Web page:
This course surveys ideas regarding gender and sexuality at various points in the cultural history of South Asia and how these ideas have shaped women's and men's lives and experiences in the society. We examine how different communities pushed against gender norms and cultural expectations using different ideologies and strategies resulting in a diverse range of feminist projects in South Asia. The course explores ideas about gender, sexuality, and feminism in various domains of South Asian life. Apart from reading scholarship on relevant topics, we analyze primary textual sources, such as religious texts, literary genres, and folklore.
This course examines literature and film by South Asians in North America. Students will gain perspective on the experiences of immigration and diaspora through the themes of identity, memory, solidarity, and resistance. From early Sikh migration to the American West Coast, to Muslim identity in a post 9/11 world, how can South Asian American stories be read as symbolic of the American experience of gender, class, religion, and ethnicity more broadly? Students will hone their skills in reading primary materials, analyzing them within context, writing persuasively, and speaking clearly.
We live in uncertain times, marked by ever-escalating crises. It's no surprise that the moment has seen a revival of utopian thought: a casting about for radical solutions, a quest for dramatic reinvention. Historically, utopia has largely been seen as a Western construct. But what models -and by extension potential solutions- does the non-Western world offer? This course examines utopia from a South Asian perspective. Considering a range of examples (the nation state, Maoist revolution, environmental movements, intentional communities), it asks how change occurs, and what cautionary lessons history offers those seeking a more perfect world.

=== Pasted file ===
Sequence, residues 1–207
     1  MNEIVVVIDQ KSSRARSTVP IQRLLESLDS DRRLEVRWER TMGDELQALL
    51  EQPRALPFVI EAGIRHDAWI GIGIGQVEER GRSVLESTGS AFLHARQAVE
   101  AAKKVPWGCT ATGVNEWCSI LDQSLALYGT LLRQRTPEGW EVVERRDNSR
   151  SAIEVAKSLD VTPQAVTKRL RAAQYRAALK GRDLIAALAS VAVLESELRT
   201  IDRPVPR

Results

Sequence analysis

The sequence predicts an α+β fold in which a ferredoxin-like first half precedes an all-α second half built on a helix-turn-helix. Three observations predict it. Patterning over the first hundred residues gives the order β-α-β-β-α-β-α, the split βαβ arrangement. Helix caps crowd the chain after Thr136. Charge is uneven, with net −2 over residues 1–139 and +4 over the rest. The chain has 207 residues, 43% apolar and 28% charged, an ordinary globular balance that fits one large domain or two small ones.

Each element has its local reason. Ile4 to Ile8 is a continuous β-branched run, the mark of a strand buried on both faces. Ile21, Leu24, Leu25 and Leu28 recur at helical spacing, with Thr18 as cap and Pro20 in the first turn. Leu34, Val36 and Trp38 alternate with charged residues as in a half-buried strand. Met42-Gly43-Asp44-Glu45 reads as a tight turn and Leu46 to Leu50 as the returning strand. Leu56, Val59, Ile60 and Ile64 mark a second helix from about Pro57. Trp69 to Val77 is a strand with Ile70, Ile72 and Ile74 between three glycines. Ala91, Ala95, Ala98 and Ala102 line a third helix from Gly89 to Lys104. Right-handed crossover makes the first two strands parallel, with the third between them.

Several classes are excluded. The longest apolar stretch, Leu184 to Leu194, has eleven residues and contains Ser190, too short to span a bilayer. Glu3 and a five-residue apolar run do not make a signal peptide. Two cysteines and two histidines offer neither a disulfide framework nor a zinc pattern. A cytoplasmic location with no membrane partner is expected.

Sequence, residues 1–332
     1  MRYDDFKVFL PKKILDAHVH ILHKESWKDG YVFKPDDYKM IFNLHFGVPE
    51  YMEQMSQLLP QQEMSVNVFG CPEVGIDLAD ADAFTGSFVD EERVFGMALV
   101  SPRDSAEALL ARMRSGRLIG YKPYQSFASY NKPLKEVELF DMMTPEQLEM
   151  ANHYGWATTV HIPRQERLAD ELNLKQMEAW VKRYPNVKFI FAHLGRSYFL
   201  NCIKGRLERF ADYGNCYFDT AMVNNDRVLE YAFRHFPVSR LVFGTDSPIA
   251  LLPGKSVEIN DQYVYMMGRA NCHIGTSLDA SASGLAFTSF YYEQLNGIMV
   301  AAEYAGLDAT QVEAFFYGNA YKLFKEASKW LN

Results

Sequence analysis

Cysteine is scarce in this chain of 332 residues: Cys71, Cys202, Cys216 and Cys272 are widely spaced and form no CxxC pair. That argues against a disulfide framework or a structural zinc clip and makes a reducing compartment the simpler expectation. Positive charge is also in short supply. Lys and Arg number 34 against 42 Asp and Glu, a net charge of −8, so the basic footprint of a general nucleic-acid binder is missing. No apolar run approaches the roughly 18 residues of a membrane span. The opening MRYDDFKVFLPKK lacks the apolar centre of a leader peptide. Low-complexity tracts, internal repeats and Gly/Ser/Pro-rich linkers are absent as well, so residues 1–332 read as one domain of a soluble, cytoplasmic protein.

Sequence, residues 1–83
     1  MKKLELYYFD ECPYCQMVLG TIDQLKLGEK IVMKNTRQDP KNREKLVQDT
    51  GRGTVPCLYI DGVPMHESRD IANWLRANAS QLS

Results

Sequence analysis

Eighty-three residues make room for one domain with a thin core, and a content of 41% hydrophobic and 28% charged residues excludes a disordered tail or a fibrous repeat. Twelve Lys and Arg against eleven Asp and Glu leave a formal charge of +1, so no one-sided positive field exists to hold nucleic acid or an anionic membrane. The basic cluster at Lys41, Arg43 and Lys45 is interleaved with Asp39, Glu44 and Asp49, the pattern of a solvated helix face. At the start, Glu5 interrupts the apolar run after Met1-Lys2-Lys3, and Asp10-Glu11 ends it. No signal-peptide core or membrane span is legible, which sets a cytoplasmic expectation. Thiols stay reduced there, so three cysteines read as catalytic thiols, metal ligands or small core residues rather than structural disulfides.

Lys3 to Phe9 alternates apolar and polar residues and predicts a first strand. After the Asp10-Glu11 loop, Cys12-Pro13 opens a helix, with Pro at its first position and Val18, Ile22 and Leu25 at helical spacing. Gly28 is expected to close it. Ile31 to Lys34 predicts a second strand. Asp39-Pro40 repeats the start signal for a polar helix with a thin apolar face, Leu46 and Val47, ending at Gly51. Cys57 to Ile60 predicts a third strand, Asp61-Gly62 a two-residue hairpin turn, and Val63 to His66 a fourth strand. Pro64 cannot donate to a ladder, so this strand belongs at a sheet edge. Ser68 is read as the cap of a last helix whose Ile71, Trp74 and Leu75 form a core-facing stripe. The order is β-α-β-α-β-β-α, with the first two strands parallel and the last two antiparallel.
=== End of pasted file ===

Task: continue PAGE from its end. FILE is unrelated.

The Mughal Empire was one of the great empires of the early modern world known for its wealth and courtly splendor. At the height of their power, the Mughals controlled most of the Indian subcontinent. This class will explore Mughal sovereignty, political control, economic reform, spatial organization, and aesthetics. It will also re-examine the enduring narrative of Mughal imperial decline that frames conventional understandings of the rise of British colonialism in the Indian subcontinent in the late 18th century. The lectures and readings for the course will draw on travel narratives, films, chronicles, and courtly literature.
India's post-independence journey is a lens to study fundamental questions of economic development and political economy. Despite attempts at big-push industrialization, followed by economic liberalization in the 1990's, the country struggled to create jobs and provide public goods at par with rapid population growth. Extreme economic inequality is now only one concern amidst environmental degradation, gender-based violence, and a Hindu-nationalist political agenda. When, and how, will India achieve sustainable development? The seminar will draw on scholarly works and Indian cinema for a well-rounded economic, social and political commentary.